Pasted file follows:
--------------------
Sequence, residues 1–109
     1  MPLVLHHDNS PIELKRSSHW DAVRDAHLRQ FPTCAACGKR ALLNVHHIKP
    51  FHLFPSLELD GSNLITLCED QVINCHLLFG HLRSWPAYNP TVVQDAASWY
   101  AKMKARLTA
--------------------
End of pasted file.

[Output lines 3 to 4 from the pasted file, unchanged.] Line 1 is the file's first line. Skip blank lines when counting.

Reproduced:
    51  FHLFPSLELD GSNLITLCED QVINCHLLFG HLRSWPAYNP TVVQDAASWY
   101  AKMKARLTA